• Educators jointly review the students’ Admit Slips, brainstorms, and Exit Tickets.


Measurable Outcome or Final Product: Students will complete an Admit Slip and Exit Ticket. They will work with a partner or small group to brainstorm broad topics that stimulate their curiosity and connect with their background knowledge. Some teams may begin to identify questions.



• The educators make one copy of the Admit Slip for each student and an Exit Ticket for each team (two-person partnership or small group).

• The educators review the reader’s theatre script.

• Note: Educators may decide to include the Evaluate: Reflection Graphic Organizer in students’ inquiry journals. Students can then record feelings, accomplishments, and challenges at each inquiry phase throughout the unit.

• Integrate academic vocabulary into think-alouds: inquiry, background knowledge, historical fiction.

• Integrate discipline-specific vocabulary into the lesson: secondary source documents, Unionist, abolition/abolitionist, secede, validity, bias, and point of view.



1. Educators distribute the Admit Slip to each student.

2. Read the script as a class or individually and circle unknown vocabulary words and respond to the question at the end of the slip.

3. Educators share the background information on the reader’s theatre script and present the script.

4. Students think-pair-share their response to the reader’s theatre with an elbow partner and/or add another idea that surprised them on the Admit Slip. 5. Educators project the Works Consulted for the reader’s theatre script. Point out the dates of publication for these resources. Are these primary or secondary sources?

6. Review the definition of secondary sources.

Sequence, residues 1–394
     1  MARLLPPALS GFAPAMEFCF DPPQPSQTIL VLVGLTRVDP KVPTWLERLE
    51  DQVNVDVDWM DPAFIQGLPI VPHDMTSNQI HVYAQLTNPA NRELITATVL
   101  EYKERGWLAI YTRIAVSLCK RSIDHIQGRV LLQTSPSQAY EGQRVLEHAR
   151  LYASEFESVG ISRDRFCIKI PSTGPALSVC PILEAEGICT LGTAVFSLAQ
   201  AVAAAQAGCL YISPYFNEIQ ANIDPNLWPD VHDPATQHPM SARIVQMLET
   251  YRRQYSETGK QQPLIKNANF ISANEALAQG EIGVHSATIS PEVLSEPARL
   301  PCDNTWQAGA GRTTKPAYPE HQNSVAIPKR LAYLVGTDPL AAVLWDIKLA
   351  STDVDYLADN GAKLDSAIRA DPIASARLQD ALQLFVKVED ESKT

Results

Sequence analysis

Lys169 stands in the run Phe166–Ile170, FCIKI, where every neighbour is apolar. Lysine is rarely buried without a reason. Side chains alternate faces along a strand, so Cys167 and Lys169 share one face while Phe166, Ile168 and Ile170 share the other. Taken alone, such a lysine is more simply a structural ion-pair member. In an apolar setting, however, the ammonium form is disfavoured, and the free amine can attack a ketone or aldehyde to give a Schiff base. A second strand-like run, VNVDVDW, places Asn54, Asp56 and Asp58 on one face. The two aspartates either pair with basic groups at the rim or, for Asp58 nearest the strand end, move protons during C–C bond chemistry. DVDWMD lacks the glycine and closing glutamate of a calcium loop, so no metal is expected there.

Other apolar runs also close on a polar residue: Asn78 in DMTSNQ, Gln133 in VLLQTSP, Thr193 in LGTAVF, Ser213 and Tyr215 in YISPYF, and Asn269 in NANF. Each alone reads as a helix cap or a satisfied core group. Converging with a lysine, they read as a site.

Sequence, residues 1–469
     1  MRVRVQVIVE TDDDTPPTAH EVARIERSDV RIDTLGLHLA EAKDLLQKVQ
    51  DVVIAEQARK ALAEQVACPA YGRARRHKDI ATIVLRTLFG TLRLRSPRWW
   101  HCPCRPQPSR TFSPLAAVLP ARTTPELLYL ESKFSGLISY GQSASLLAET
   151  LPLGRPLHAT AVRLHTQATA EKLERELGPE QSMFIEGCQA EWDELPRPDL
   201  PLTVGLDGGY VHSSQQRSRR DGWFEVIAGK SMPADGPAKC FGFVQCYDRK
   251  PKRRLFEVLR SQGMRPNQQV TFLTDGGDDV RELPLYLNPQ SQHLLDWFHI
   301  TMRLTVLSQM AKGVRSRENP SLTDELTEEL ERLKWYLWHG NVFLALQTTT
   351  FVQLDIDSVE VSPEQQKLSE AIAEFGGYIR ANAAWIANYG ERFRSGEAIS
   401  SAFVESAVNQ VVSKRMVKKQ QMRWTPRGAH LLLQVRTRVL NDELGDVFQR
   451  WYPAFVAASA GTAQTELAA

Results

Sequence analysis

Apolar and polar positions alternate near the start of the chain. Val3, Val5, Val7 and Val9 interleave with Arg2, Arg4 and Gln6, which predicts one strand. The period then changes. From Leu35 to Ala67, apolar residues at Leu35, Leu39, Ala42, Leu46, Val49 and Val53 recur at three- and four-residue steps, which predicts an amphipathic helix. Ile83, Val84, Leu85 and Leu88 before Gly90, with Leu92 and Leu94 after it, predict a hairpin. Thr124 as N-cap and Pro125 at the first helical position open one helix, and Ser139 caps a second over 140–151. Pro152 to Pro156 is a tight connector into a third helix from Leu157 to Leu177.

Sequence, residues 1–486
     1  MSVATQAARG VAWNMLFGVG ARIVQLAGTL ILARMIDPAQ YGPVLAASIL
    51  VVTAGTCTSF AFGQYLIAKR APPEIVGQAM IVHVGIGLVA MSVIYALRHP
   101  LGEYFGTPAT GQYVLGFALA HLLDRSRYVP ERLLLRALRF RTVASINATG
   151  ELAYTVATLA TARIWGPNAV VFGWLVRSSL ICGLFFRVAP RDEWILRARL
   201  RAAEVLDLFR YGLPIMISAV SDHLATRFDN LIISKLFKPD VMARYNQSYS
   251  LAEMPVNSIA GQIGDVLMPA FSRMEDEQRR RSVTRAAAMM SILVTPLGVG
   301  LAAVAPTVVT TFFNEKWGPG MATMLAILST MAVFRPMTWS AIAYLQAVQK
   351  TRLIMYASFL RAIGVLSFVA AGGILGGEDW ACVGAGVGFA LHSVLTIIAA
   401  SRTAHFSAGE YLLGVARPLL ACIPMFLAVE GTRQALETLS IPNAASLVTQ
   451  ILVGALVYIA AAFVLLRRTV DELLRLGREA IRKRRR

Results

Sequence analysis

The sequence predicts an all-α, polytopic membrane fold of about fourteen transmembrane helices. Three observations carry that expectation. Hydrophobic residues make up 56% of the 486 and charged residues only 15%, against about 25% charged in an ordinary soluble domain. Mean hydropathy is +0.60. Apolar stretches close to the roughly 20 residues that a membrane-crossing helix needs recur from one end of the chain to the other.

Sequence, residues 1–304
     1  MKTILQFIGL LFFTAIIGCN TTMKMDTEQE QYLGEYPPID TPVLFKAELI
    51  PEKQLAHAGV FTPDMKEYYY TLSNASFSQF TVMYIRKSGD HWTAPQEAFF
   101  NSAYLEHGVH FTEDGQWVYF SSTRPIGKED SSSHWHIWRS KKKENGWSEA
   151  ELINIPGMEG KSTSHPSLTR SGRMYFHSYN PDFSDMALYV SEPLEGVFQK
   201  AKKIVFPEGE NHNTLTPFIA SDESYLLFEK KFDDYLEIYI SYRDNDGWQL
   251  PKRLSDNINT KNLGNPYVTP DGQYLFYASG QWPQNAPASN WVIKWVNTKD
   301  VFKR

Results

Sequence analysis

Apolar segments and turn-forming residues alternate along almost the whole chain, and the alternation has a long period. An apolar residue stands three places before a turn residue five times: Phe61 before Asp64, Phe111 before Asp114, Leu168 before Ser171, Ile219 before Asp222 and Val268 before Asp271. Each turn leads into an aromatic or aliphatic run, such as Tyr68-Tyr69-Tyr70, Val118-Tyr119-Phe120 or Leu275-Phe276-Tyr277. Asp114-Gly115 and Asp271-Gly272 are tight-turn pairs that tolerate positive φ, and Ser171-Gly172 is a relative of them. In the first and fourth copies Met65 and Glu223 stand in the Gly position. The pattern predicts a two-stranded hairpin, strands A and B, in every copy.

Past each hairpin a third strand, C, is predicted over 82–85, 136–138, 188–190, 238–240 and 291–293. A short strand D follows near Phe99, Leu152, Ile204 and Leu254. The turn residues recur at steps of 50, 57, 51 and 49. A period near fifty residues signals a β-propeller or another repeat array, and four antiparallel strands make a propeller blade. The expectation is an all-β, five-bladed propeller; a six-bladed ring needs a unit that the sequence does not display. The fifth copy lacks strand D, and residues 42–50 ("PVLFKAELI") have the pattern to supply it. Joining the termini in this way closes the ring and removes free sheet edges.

7. Educators post the lesson objectives and let students know the class will begin an inquiry into the time period before, during, and after the Civil War with a focus on Denton County.



8. Educators play “Civil War’s Greatest Myth” - http://tinyurl.com/CWgreatestmyth (2 minutes 41 seconds)

9. Educators ask, “Are the opinions of these historians primary or secondary sources?” “Does every resource have a point of view?” “Who determines the facts?” “What makes a source valid?”

10. Educators use think-alouds to briefly ponder the information in the reader’s theatre script and video.

Student Participation

11. Divide the students into partners or small groups.

12. Students discuss the ideas presented in the Admit Slip, reader’s theatre, and video; they document their discussion with a brainstorm using a Web 2.0 tool, app, or on paper.


Guided Practice

13. Educators monitor as students discuss and document big ideas related to the broad topics of the Civil War and the Civil War in Denton County, in particular.


Closure and Reflection

14. Student groups select the most compelling topic (or question) on their brainstorm and record it on the Exit Ticket. They email the URL to their brainstorm to the librarian or classroom teacher and/or print it out.

15. Educators and students review: “What is a secondary source?”

16. Student partners or small groups complete Exit Tickets.



17. Educators assess the students’ individual Admit Slips, brainstorms, and Exit Tickets.


Lesson Plan Resources


For Students







For Educators




Lesson Plans